Abstract: The Echelle SPectrograph for Rocky Exoplanets and Stable Spectral Observations (ESPRESSO) is an extremely stable high-resolution spectrograph which is currently being developed for the ESO VLT Combined Coudé Laboratory by an international consortium of four nations and ESO. With its groundbreaking characteristics (resolution up to ~200,000; wavelength range from 380 to 780 nm; centimeter-per-second accuracy in wavelength calibration; possibility to use all 4 unit telescope at once) ESPRESSO is aimed to be a “science machine” – i.e., an instrument whose subsystems are fully-integrated way to directly extract science information from the observations. In particular, ESPRESSO will be the first ESO instrument to be equipped with a dedicated tool for the analysis of data, the Data Analysis Software (DAS), consisting in a number of recipes to analyse both stellar and quasar spectra. In this talk, I will present my work on the quasar branch of the DAS. I will describe the details of the pipeline and of its GUI, ESO Reflex, which is aimed to get over the shortcomings of the existing software providing multiple iteration modes and full interactivity with the data. I will also discuss some new algorithms implemented in the code, which will allow to determine the continuum level of emission in quasar spectra, to fit the spectral lines, and to identify the absorption systems in a coherent scheme. The scientific importance of a carefully-designed, physically-motivated approach to data analysis will be highlighted throughout.
Authors: Guido Cupani (INAF-Osservatorio Astronomico di Trieste)
Valentina D’Odorico (INAF-Osservatorio Astronomico di Trieste)
Stefano Cristiani (INAF-Osservatorio Astronomico di Trieste)
Jonay Gonzalez-Hernandez (Instituto de Astrofísica de Canarias)
Christophe Lovis (Université de Genève)
Sérgio Sousa (Universidade do Porto)
Eros Vanzella (INAF-Osservatorio Astronomico di Bologna)
Paolo Di Marcantonio (INAF-Osservatorio Astronomico di Trieste)
Denis Mégevand (Université de Genève)
Bruce Berriman is blogging about ADASS on his Astronomy Computing Today site; his first installment is already available. And Peter Teuben is posting photos from the event (and Calgary). You can also follow the events on Twitter, hashtag #astroADASS.
Abstract: The Astrophysics Source Code Library (ASCL) is a free online registry of codes used in astronomy research; it currently contains over 900 codes and is indexed by ADS. The ASCL has recently moved a new infrastructure into production. The new site provides a true database for the code entries and integrates the WordPress news and information pages and the discussion forum into one site. Previous capabilities are retained and permalinks to ascl.net continue to work. The site offers more functionality and flexibility than the previous site, is easier to maintain, and offers new possibilities for collaboration. This presentation covers these recent changes to the ASCL.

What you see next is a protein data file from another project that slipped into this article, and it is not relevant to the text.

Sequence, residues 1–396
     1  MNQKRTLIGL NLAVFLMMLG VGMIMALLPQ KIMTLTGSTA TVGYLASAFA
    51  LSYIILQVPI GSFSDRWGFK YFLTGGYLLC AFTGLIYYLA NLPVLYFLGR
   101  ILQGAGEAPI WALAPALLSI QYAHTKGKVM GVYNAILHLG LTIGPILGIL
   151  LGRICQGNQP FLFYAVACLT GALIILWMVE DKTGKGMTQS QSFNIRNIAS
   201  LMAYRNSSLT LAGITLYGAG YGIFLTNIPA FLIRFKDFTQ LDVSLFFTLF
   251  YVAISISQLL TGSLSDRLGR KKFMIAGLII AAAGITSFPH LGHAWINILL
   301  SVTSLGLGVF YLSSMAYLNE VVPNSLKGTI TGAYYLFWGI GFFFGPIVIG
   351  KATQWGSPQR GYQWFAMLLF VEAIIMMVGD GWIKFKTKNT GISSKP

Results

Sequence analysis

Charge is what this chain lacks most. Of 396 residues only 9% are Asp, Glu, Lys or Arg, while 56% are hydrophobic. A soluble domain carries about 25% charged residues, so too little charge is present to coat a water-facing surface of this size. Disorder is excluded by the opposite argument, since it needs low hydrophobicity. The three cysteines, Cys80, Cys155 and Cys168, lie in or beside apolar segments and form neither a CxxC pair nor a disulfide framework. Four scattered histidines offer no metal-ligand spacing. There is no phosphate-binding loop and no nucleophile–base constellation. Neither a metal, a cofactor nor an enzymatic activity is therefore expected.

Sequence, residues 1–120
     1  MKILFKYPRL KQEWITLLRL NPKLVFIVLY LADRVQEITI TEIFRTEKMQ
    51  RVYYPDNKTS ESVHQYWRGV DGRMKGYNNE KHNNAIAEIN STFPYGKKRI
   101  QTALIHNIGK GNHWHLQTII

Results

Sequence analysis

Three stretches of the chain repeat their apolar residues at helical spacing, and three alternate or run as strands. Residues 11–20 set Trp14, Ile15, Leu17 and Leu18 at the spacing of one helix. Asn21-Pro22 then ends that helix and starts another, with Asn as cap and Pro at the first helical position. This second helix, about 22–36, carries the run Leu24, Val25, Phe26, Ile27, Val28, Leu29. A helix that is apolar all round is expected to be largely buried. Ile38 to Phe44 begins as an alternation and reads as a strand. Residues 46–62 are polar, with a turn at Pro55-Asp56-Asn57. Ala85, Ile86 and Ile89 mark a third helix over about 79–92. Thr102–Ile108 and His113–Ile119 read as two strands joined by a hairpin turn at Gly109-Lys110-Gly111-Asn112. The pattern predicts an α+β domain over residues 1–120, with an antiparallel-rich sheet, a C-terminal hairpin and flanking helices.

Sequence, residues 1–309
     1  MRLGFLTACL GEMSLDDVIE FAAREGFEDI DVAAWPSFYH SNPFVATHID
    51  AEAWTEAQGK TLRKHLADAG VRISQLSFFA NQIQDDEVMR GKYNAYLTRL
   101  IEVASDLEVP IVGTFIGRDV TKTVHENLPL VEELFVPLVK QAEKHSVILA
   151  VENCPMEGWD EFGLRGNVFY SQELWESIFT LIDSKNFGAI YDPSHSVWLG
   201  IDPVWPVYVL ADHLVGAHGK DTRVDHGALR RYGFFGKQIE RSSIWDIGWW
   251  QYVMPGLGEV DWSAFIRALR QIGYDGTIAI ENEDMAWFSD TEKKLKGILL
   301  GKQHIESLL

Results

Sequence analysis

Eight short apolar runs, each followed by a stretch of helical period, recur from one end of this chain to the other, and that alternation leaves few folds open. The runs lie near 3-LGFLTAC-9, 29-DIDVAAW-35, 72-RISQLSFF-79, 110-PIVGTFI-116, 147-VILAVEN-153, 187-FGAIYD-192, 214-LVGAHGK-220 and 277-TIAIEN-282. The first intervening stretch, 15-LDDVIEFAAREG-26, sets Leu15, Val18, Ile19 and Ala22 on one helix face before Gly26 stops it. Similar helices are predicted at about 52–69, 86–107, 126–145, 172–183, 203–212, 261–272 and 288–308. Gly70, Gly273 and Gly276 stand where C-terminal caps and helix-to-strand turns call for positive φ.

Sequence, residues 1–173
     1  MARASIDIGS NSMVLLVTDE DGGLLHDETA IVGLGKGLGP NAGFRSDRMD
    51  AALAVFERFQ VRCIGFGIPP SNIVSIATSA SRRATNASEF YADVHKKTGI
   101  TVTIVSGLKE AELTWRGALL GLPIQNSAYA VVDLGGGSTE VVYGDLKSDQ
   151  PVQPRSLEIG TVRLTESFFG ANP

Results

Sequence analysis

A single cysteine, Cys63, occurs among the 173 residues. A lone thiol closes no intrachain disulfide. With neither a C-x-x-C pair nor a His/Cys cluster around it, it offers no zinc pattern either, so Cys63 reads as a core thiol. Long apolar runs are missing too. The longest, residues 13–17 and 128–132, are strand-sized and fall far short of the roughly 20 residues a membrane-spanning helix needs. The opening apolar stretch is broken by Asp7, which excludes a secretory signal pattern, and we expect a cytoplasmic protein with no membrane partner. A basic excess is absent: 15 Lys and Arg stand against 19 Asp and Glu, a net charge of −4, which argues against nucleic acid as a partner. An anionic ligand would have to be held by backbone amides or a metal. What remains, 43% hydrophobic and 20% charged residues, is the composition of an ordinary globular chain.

Authors: Robert Hanisch (National Institute of Standards and Technology)
Alice Allen (Astrophysics Source Code Library)
Bruce Berriman (Infrared Processing and Analysis Center, California Institute of Technology)
Kimberly Duprie (Space Telescope Science Institute)
Jessica Mink (Harvard-Smithsonian Center for Astrophysics)
Robert Nemiroff (Michigan Technological University)
Lior Shamir (Lawrence Technological University)
Keith Shortridge (Australian Astronomical Observatory)
Mark Taylor (University of Bristol)
Peter Teuben (University of Maryland)
John Wallin (Middle Tennessee State University)
The 24th Astronomical Data Analysis Software and Systems (ADASS) meeting starts this evening at the Westin Hotel in Calgary, Canada. Talks start tomorrow afternoon; the opening sessions are focused on Big Data Challenges, which is such a big topic it has to be continued on Monday morning.
Though the ASCL editors are not attending ADASS this year, most of the Advisory Committee is (Peter Teuben, Bruce Berriman, Bob Hanisch, Jessica Mink, Keith Shortridge, and Mark Taylor) and Bob Hanisch has a poster on the ASCL’s recent changes to hang.
You can follow ADASS on Twitter , and tomorrow, we’ll post the ASCL poster here.
The 2nd Working towards Sustainable Software for Science: Practice and Experiences workshop (WSSSPE) will be held in New Orleans on Sunday, November 16. The community was invited to submit short actionable papers for use in designing the workshop.
Getting a community to adopt better practices doesn’t usually happen overnight. The ASCL has looked at previous efforts to create code libraries or registries to try to find common barriers that may have inhibited widespread use of these services; the ASCL also has looked to specific management techniques adapted from business practice to encourage change. These findings and change management strategies are discussed in our #WSSSPE 2 paper.
The WSSSPE site lists all of the freely downloadable accepted papers.
The cover feature this month of the IEEE’s flagship journal Computer is Computing in Astronomy. Its “Applications and Examples” includes a short article (behind a paywall) describing the ASCL.
The ASCL will have a poster at the upcoming ADASS meeting in Calgary on the recent enhancements to the site.